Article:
Radon cannot be seen, smelled, or tasted. When occupants breathe in the radioactive particles of radon gas, they can become trapped in the lungs. Prolonged exposure these radioactive particles can increase an individual’s chances of developing lung cancer. Statistically, radon is the second leading cause of lung cancer in the United States.

The Dangers Of Mold Spores And Mycotoxins

Mold spores exist everywhere in nature. Which means they also have the very real potential of invading your home. When they find wet, humid, and warm conditions, it increases their chances of developing a colony.

As the mold colony continues to expand, it releases more-and-more spores into the air people breathe. Some strains of mold such as the so-called “Toxic Black Mold” can also release mycotoxins which can lead to even more severe reactions.

Respiratory distress increased problems with asthma, and chronic inflammation problems are just a few of the potential long-term health threats posed by a non-remediated indoor mold problem.

What We Do

required can vary from space to space depending upon the substance of concern.

Hydroscience Group has the trained professionals and equipment necessary to test for a wide range of indoor air quality issues.

Testing For The Presence Of Mold

Hydroscience Group’s technicians use state-of-the-art equipment and techniques to collect air samples for mold testing. This test often involves a series of small cassettes that are attached to portable battery-operated Indoor Air Quality sampling pumps. As a specific volume of air will then be drawn through the cassette.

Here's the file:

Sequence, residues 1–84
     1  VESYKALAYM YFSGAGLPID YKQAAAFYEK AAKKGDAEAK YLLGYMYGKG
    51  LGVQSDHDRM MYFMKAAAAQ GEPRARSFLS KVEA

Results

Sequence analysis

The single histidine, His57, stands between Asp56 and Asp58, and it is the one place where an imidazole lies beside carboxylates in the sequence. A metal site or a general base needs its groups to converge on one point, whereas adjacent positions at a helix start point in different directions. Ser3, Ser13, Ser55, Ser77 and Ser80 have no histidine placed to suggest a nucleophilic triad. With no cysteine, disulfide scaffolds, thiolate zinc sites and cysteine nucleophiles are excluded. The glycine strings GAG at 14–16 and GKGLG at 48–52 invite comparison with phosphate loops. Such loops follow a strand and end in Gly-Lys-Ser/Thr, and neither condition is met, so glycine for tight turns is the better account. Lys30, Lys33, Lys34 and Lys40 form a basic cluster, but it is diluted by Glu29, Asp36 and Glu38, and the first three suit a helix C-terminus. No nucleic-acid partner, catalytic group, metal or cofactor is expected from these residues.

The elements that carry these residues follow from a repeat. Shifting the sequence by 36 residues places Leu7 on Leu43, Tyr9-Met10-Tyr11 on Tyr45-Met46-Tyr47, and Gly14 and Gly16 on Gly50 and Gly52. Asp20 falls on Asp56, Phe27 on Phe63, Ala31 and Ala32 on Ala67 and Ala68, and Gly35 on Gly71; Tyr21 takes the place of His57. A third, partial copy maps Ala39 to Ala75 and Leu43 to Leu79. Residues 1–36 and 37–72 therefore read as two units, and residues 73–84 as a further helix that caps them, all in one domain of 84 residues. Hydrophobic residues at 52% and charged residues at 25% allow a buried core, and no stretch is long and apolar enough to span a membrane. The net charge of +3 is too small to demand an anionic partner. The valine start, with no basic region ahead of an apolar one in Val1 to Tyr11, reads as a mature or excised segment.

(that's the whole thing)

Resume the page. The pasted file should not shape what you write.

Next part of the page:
The Indoor Air Quality Assessor will collect enough samples from within the environment to accurately assess the area. This might also include background samples which will need to be collected from the nearby outdoor environment for comparison.

Testing For Radon

The Environmental Protection Agency recommends action levels that are higher than four picocuries per liter.
Digital radon detectors tend to be the easiest way to measure the presence of radon. Hydroscience Group uses commercial quality detectors which provide data-logging features for things like periods of higher ventilation rates of the indoor structures. This might also include periods of changing weather conditions, as well as changes in barometric pressure is rising or falling.

Testing For Volatile Organic Compounds

Indoor air sampling tends to be one of the most effective methods for identifying potential sources of Volatile Organic Compounds. This might include a bevy of tests such as:

  • Indoor air sampling
  • Soil gas sampling
  • Outside air sampling
  • Air sampling sub-slab or foundation
  • Vapor intrusion

Vapor intrusion testing has become increasingly popular for testing indoor air quality. This diagnostic essentially implies that VOC vapors are making their way into the structure in question from the nearby outside environment. Additionally, subsurface vapor testing might be needed to detect VOC vapors that could come from a nearby underground storage tank, a pipe leak, the surrounding soil or potentially contaminated groundwater.

Keeping You Safe & Healthy

Once we have determined the cause and severity of the indoor air quality problem, our highly trained specialists can help you understand your options. This might include reporting issues to the proper governing bodies, developing a remediation strategy, upgrading or repairing a compromised feature.